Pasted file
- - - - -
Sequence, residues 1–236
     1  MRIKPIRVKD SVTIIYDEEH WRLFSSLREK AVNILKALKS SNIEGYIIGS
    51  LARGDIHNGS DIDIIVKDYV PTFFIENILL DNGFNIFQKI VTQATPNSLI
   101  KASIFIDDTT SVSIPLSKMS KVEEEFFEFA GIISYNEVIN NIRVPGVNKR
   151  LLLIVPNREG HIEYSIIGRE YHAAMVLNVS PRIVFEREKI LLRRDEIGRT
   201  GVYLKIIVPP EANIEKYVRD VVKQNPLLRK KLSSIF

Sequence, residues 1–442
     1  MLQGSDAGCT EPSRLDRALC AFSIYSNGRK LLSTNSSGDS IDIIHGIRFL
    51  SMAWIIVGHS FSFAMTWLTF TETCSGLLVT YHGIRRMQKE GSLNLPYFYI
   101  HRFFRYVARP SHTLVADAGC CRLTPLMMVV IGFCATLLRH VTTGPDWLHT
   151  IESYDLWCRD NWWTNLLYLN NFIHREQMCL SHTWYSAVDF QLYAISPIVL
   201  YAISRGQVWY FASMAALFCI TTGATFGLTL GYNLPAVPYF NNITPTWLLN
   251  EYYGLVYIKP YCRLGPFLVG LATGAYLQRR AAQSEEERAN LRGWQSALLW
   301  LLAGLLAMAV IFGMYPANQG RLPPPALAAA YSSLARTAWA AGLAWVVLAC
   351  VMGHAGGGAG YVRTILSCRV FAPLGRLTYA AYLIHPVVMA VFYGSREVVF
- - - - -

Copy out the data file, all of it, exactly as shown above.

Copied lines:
Sequence, residues 1–236
     1  MRIKPIRVKD SVTIIYDEEH WRLFSSLREK AVNILKALKS SNIEGYIIGS
    51  LARGDIHNGS DIDIIVKDYV PTFFIENILL DNGFNIFQKI VTQATPNSLI
   101  KASIFIDDTT SVSIPLSKMS KVEEEFFEFA GIISYNEVIN NIRVPGVNKR
   151  LLLIVPNREG HIEYSIIGRE YHAAMVLNVS PRIVFEREKI LLRRDEIGRT
   201  GVYLKIIVPP EANIEKYVRD VVKQNPLLRK KLSSIF

Sequence, residues 1–442
     1  MLQGSDAGCT EPSRLDRALC AFSIYSNGRK LLSTNSSGDS IDIIHGIRFL
    51  SMAWIIVGHS FSFAMTWLTF TETCSGLLVT YHGIRRMQKE GSLNLPYFYI
   101  HRFFRYVARP SHTLVADAGC CRLTPLMMVV IGFCATLLRH VTTGPDWLHT
   151  IESYDLWCRD NWWTNLLYLN NFIHREQMCL SHTWYSAVDF QLYAISPIVL
   201  YAISRGQVWY FASMAALFCI TTGATFGLTL GYNLPAVPYF NNITPTWLLN
   251  EYYGLVYIKP YCRLGPFLVG LATGAYLQRR AAQSEEERAN LRGWQSALLW
   301  LLAGLLAMAV IFGMYPANQG RLPPPALAAA YSSLARTAWA AGLAWVVLAC
   351  VMGHAGGGAG YVRTILSCRV FAPLGRLTYA AYLIHPVVMA VFYGSREVVF